sunderwood's picture

Thanks for the info on slowhand at 70. I bought it when it first came out. I wouldn't want to sell it, but it is nice knowing it has that kind of

misterc59's picture

I wish I had both vinyl and Blu-ray. Funds are limited, so I opted for the Blu-ray so I could view the performance as well. Too bad Blu-ray doesn't appreciate in value so much! Anyway, I still enjoy watching (and listening to)him...


Grant M's picture

Do i get fries with that? I'm starting to think there isn't the best chance of getting a happy meal if McMaster is on the menu.

Hats Domino's picture

Ron McMaster cut the lacquers. He didn't master it.

Grant M's picture

I never said he mastered it, only implying that the last number of projects Michael has unfavorably reviewed happen to have lacquers cut by him. Seems like he's not working with the "A" team on these projects if he's getting such terrible sounding files.

Michael Fremer's picture
Has also cut some very good records especially when from tape and he is in charge....
Grant M's picture

Real question without snark, can Capital cut from tape anymore?

ViciAudio's picture

... cutting vinyl is indeed mastering. Anything else made prior to vinyl cutting (the final mastering to the end format), can be some kind of pre-mastering to generate a suitable source. In any case, we should not stop referring to cutting as mastering because mastering it is, and different cutting engineers and/or equipment result in very different sound.

Hats Domino's picture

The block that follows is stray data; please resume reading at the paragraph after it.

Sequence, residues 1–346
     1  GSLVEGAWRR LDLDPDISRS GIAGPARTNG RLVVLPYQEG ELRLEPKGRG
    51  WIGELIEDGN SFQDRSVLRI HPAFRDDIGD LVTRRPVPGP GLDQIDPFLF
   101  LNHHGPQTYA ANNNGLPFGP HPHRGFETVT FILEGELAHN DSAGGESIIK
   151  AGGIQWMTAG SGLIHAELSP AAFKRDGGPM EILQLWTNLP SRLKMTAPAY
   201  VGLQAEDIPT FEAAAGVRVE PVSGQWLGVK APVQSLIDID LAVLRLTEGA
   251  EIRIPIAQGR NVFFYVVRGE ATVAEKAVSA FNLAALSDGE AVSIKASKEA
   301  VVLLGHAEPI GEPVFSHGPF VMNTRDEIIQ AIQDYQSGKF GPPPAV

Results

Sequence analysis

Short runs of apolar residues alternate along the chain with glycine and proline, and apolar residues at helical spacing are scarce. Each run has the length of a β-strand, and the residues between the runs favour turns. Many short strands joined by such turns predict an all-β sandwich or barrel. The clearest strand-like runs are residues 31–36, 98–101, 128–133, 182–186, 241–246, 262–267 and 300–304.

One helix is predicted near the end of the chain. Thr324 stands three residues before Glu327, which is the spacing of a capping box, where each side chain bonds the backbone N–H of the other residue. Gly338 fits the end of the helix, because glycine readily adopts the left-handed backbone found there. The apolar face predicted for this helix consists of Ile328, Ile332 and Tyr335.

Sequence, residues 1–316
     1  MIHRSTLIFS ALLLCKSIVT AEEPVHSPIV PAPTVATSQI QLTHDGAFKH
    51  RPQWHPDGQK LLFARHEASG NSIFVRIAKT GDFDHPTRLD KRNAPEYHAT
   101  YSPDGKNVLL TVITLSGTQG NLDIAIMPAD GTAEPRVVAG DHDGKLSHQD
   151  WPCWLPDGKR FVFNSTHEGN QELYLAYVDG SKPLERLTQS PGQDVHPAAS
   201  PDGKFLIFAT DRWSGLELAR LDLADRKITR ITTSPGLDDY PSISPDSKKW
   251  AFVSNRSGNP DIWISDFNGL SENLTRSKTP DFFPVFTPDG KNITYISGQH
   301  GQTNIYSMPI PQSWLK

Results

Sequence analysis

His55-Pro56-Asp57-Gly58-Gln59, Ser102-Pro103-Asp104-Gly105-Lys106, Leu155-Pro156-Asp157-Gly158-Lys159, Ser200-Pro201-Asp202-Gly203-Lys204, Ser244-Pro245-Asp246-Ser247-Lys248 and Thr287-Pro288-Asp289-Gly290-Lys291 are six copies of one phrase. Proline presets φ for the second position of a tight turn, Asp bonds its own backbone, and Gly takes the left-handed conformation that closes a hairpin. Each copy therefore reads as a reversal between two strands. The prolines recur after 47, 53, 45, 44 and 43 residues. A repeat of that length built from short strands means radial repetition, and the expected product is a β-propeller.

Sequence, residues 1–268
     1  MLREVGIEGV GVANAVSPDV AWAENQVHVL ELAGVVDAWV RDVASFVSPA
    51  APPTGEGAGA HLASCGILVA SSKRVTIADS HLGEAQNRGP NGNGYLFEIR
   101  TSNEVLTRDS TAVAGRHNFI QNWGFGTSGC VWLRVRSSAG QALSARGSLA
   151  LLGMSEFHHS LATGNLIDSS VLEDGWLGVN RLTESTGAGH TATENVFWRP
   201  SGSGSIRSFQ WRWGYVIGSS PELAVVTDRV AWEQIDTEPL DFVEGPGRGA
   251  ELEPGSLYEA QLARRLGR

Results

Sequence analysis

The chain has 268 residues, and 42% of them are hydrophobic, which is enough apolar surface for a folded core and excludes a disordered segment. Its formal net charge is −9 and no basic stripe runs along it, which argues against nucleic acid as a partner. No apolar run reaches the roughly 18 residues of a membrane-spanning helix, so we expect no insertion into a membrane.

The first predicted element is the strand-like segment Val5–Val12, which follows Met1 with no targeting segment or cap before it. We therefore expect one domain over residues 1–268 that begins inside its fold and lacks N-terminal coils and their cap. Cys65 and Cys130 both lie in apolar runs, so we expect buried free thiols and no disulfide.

Every cartridge sounds different, too. So do all phono preamps. And, to a much lesser extent, so do turntables. Should we consider them part of the mastering process, too? But thanks for stating the obvious, I guess.

ViciAudio's picture

... I didn't say that each mastering engineer / gear sounds different to justify why record cutting is mastering. It's just additional information to help others understand the concept. Cutting is mastering because it has always been mastering, that didn't change in 2018. Is it obvious? Yes, should be.

ViciAudio's picture

... who cares what amps and carts at home sound like, what does that have to do with mastering?

Michael Fremer's picture
He's cut many good sounding records too. Especially when from tape. I think he cut from what he was given.
Lazer's picture

I have this on blue ray. You saved me $100.

richiep's picture

I was just about to make the purchase but you saved me the disappointment once I had heard it. Another opportunity to shine and remove the old stigma we're only in it for the money. Quality and Content are the keys to sustain the Vinyl comeback, audiophiles kept it alive, make us happy and you will get the trickle down effect. Mikey thanks again for your valued review, we listen.

kozakjj's picture

Another Digital Vinyl release. It is isn't the The Vinyl resurgence. It's 12 In CD Vinyl Resurgence. Please keep that distinction.

Michael Fremer's picture
If it’s cut from high resolution sources it will sound much better than CD!
kozakjj's picture

Sorry i meant to say Another Digital Vinyl release. It is isn't the The Vinyl resurgence. It'd the DIGITAL Vinyl Resurgence. Please keep that distinction. It is a shame that MOST LP's are cut from digital sources. I would like Analogue Productions cut all new LP's AAA. Just a fantasy i know. I am glad that i do have all my original LP's cut before Digital was a thing.

Grant M's picture

I don't care what the source is, as long as the record sounds great. I have lots of horrible sounding AAA records from the 70s and 80s. It's far too easy to blame digital for bad sounding vinyl, since I have many fantastic sounding records that are not AAA, like everything recorded since studios went digital!

Michael Fremer's picture
JR465's picture

I have Good sounding records that were mixed to digital, and cut to vinyl using the digital master. However, speaking for myself, if a perfectly good analog master exists and a digital source is used for cutting that's when I will pass.

Michael, thanks for the reviews. I appreciate that you call them as you hear them.